One of the reasons that I was put off by the Bosch originally was the
aluminium-silicon heat exchanger. I couldn't find many reliable
references to the suitability of this material for condensing boilers,
whereas stainless steel, of the correct grade is a well understood
technology. Having said that, people in this NG do have Greenstars
and are happy with them as I understand it.
I've just been looking through the installation manual of the Glow
Worm and it's very clear that the influence of their ultimate parent,
Vaillant, is in the design. For example, the heat exchanger and
burner are of a similar design to that of the Micromat - basically a
radial burner with stainless steel tube heat exchanger.
The same concept is used in a larger installation/commercial version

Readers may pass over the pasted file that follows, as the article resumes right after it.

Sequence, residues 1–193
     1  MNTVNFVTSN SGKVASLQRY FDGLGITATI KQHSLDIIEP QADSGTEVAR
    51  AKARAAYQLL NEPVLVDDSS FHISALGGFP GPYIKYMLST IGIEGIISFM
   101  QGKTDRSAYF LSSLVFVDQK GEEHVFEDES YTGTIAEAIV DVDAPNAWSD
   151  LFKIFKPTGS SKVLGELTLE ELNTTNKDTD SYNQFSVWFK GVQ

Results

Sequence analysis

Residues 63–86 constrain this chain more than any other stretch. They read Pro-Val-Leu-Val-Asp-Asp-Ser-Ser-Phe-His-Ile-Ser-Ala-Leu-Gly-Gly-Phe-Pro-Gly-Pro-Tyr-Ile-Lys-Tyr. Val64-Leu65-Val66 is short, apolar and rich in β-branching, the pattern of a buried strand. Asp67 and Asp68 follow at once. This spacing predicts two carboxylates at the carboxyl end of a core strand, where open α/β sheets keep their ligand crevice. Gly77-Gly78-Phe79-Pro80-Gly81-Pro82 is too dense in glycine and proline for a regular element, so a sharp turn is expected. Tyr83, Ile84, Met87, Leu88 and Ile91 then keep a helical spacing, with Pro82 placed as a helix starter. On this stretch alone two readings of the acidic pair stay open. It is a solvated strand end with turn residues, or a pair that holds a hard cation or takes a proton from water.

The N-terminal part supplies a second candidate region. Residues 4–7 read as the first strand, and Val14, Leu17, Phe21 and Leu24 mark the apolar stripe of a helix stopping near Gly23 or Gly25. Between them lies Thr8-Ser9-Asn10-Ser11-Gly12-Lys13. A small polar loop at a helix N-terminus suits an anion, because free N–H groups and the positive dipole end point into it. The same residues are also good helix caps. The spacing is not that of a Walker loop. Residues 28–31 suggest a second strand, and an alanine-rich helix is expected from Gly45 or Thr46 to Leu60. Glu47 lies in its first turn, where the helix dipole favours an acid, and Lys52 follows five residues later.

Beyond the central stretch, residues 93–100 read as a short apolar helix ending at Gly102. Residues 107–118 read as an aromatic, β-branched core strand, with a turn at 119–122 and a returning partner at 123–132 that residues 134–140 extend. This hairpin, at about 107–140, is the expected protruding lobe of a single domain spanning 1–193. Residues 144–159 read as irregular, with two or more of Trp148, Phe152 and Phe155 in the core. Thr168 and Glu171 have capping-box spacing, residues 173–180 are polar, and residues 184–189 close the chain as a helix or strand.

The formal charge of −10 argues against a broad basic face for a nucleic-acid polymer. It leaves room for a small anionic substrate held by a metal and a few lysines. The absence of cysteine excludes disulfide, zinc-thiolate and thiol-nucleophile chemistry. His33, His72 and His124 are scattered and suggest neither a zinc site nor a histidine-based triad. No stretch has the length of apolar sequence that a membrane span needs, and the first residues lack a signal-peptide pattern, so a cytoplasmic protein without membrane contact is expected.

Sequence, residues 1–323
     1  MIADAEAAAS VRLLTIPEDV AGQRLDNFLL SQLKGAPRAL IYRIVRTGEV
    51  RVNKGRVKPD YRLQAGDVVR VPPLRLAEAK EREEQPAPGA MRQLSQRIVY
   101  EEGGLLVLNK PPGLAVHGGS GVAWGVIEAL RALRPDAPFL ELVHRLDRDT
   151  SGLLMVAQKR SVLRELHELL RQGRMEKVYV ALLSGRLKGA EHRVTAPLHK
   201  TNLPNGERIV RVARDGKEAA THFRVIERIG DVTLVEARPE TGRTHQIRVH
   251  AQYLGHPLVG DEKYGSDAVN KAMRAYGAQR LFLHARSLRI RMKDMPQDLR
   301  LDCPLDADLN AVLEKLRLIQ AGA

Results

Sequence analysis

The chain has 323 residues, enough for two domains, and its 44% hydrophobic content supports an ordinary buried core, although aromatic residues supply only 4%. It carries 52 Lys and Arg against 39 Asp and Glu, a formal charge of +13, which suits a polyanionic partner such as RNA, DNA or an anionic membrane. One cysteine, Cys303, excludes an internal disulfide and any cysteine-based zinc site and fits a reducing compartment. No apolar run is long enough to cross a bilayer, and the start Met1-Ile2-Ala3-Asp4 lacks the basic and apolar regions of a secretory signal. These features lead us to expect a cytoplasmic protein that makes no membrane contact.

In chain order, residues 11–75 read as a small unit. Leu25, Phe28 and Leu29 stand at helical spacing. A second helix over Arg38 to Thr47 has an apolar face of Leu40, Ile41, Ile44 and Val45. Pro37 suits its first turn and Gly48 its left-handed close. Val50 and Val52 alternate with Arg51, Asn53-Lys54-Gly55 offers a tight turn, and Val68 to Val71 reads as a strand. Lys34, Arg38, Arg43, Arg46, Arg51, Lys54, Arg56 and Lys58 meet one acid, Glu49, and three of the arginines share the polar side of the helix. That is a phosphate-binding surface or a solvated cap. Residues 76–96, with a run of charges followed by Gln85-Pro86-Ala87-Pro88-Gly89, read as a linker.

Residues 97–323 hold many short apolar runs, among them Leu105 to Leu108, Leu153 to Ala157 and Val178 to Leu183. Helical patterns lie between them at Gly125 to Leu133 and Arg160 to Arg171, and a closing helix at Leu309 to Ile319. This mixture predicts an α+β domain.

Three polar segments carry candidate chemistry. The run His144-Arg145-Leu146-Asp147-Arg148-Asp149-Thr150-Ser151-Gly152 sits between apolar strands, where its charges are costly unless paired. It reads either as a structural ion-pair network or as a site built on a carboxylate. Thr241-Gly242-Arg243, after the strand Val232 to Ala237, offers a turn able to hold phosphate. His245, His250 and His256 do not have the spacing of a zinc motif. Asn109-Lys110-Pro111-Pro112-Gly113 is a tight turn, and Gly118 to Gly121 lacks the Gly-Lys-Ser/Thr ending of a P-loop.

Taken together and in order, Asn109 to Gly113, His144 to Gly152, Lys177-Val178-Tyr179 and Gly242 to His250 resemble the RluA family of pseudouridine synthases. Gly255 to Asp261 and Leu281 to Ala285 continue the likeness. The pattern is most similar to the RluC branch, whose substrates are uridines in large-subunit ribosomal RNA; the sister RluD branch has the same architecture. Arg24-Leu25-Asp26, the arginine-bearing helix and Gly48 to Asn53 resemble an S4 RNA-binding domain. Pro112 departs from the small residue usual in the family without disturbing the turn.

of the Micromat - the Strata 1.
This data sheet has some pictures of the internals such as the heat
exchanger and burner and hook ups with multiple units for commercial
Most condensing boilers in the 28-30kW range, modulate down to
something in the 7-11kW range. I was looking for something better
than that and the Micromat goes down to 3.5kW at the bottom end.
This basically eliminates cycling of the burner on and off for most of
the year since it will drop the flow temperature as low as 40 degrees
The Greenstar goes down to 7.5kW and the Glow Worm to 5kW. Not a huge
difference, but you might find that attractive.
I looked through the documentation for the Bosch DT20RF. Basically
it's a Drayton Digistat. There seems to be nothing in the
documentation that I could see that suggests that it is anything other
than a 2 channel programmer timer. It doesn't say that it does
anything with the boiler modulation and doesn't mention optimised
In that sense, you could pick either of these boilers and use the
CM67RF and you would get night set back and optimised starting as well
as proportional control. This means more stable maintenance of room
temperature than is achieved with a simple on/off thermostat.
Therefore, I am not sure that the built in timer on the Greenstar